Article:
RACE IS ON FOR No10; Labour Facing Bitter Struggle to Replace Blair as Their Leader

Daily Record (Glasgow, Scotland), October 1, 2004 | Go to article overview

RACE IS ON FOR No10; Labour Facing Bitter Struggle to Replace Blair as Their Leader


Byline: By Paul Sinclair Political Editor

FORGET Tony Blair's heart. For the first time, he has said he is going to step down. It doesn't matter when he says he will do it.

When a PM says the end is in sight, they have a problem.

The battle for the succession - never far away in politics - starts the moment you admit there will be a succession.

Chancellor Gordon Brown will have genuine concern for his friend of more than 20 years but he will also know his time is almost at hand.

Now he and Alan Milburn will begin their takeover battle. It is one which has been smouldering for some time.

But no one on Labour's front bench can compete with Brown's record - not just as the architect of New Labour's election victories but as the man who has built the economic success which is the foundation of the party's appeal.

Blair says he will serve a full third term but not a fourth.

Let's examine that. Prime Ministers like to hold elections every four years, not the full five they are allowed, so they are in control.

So when Blair says another full term, he means four years.

But to give his successor a chance to show what he or she can do, they must get at least a year as PM.

That means Blair does at most three years. But then there is the leadership election campaign. That will take at least four months if it is to be fair.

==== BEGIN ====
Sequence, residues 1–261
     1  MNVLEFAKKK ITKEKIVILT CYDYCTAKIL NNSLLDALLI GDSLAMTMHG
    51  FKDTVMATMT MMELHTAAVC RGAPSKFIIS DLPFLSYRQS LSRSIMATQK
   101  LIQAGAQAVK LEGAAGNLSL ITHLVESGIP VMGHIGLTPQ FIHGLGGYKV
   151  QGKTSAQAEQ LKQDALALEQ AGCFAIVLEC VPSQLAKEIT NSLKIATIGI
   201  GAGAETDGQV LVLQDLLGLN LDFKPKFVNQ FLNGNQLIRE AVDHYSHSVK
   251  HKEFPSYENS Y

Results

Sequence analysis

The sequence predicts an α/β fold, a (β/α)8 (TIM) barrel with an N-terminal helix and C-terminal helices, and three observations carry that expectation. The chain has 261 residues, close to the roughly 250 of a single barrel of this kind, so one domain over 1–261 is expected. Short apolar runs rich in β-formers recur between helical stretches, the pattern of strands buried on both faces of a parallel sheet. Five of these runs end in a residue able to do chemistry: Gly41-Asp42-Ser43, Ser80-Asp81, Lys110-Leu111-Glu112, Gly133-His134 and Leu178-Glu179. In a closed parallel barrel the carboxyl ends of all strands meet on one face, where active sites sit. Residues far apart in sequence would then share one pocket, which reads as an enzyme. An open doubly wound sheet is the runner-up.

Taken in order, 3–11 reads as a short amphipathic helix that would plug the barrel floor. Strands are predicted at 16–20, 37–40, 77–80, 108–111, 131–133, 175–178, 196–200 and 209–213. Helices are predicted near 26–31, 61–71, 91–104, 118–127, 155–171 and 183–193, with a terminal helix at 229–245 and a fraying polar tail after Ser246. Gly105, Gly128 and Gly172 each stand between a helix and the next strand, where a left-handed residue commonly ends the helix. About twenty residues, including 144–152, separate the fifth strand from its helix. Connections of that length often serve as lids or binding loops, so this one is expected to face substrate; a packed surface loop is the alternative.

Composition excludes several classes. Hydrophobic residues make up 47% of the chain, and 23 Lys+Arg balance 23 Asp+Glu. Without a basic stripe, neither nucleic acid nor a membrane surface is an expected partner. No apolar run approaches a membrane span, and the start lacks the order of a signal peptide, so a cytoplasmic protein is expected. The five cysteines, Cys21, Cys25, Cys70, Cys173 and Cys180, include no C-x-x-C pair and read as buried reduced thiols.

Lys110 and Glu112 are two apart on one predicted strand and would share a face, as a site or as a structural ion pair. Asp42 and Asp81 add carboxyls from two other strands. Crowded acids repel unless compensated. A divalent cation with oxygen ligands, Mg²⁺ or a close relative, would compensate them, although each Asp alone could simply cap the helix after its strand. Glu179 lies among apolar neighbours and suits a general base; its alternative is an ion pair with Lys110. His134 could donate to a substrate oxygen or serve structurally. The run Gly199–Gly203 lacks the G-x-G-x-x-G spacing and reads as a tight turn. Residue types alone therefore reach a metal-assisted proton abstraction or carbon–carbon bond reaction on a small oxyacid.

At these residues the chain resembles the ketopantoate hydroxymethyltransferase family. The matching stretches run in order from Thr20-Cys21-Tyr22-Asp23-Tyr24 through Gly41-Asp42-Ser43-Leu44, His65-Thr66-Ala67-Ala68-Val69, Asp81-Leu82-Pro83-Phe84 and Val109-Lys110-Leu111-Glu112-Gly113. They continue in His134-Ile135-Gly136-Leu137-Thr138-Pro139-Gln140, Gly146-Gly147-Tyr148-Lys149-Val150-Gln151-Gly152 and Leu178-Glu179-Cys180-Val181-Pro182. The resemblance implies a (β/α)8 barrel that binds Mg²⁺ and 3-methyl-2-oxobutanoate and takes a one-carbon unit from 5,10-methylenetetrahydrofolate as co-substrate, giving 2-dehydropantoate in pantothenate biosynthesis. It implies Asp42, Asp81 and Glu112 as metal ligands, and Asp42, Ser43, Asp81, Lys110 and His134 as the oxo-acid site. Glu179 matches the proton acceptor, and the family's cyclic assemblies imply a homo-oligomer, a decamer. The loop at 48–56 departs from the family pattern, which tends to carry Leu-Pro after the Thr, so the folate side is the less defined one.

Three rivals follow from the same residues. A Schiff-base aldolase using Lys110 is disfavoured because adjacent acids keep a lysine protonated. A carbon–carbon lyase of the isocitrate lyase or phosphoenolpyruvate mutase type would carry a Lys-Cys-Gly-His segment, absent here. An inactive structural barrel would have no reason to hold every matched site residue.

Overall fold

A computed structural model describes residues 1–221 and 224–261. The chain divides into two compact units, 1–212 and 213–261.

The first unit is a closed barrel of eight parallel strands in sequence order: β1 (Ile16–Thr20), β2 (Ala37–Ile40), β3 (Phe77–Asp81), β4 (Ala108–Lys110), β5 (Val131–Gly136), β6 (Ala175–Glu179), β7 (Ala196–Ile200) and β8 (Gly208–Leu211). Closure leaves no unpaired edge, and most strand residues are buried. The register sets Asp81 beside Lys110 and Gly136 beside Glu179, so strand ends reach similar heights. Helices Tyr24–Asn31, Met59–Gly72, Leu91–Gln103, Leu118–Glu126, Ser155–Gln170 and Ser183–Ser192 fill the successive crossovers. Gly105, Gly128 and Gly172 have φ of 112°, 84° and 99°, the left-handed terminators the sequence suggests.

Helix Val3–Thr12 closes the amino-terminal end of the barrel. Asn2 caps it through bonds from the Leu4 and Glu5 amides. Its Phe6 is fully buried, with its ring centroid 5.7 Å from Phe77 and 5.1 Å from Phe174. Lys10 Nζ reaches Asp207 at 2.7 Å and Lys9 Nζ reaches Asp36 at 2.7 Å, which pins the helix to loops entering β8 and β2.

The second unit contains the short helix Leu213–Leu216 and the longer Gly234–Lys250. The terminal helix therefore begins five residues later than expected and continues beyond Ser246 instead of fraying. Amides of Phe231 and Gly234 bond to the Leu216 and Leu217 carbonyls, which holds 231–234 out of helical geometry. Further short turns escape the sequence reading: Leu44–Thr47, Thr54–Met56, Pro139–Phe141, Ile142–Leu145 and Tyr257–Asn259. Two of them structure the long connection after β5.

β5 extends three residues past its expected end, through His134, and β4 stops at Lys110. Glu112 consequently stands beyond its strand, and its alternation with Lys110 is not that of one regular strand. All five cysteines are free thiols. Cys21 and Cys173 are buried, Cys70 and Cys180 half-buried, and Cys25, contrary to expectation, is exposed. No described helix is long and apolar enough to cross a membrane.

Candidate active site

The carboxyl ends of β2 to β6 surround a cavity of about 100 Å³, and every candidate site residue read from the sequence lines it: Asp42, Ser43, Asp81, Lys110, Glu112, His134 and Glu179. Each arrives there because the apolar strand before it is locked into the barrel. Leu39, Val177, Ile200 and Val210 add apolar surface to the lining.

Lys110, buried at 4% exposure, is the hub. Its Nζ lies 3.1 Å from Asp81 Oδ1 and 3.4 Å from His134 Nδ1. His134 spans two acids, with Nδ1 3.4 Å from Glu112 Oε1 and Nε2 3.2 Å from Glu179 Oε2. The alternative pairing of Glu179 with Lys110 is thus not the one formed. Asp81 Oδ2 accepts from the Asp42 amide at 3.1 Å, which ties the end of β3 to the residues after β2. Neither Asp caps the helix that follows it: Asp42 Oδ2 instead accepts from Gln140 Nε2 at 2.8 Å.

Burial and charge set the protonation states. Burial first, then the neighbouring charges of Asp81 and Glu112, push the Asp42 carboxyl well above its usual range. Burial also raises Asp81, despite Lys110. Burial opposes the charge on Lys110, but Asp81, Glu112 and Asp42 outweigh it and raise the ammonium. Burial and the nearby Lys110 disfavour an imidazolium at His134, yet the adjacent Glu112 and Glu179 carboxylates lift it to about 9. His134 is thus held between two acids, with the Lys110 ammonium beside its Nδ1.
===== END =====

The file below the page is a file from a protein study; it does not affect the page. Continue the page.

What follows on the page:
Suddenly, Blair is only at the helm for about two and a half years after the next election.

But his real problem is that a PM's authority begins to slip as soon as he admits he is going.

Nobody has said the election will be next May but we know we are in an election campaign.

By making this announcement, Blair has admitted there will be a leadership contest. That contest has now started - eroding his authority.

This week's Labour Party conference in Brighton was strangely subdued, particularly considering it was their last rallying call before the nation goes to the polls.

In part, that was because of the government's problems in Iraq. The shadow of the hostage Ken Bigley was long and dark.

What was striking was that Brown and Blair didn't have their usual competition during the conference.

The normal form - since Blair became leader after John Smith's death in 1994 - is that Brown gives a speech on the Monday which sets the conference alight.

That is perceived as a leadership bid and Blair comes back with a storming performance the next day and puts his rival in his place.

This year, Brown was more measured. His speech made it clear he was the man to succeed but not in the immediate future.

That gave Blair the space to make a speech which was low-key and came as close as he could to say sorry about Iraq.

In the light of the announcement about Blair's health, it now looks as though the two men came to a deal about their speeches and Brown must have known about Blair's imminent surgery.

It might also explain why Milburn was so hostile to Brown's speech, which he immediately criticised. …

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